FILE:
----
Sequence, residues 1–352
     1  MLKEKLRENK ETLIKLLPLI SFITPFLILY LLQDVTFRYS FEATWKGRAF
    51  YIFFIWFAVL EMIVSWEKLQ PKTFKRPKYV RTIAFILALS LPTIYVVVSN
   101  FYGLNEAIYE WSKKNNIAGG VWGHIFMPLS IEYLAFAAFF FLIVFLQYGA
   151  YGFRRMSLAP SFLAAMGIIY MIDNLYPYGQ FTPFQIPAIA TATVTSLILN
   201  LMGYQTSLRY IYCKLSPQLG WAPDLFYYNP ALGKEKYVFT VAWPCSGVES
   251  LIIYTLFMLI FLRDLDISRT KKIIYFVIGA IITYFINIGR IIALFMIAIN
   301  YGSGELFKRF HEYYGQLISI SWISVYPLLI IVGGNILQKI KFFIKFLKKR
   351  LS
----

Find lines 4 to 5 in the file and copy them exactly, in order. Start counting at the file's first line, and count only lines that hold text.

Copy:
   101  FYGLNEAIYE WSKKNNIAGG VWGHIFMPLS IEYLAFAAFF FLIVFLQYGA
   151  YGFRRMSLAP SFLAAMGIIY MIDNLYPYGQ FTPFQIPAIA TATVTSLILN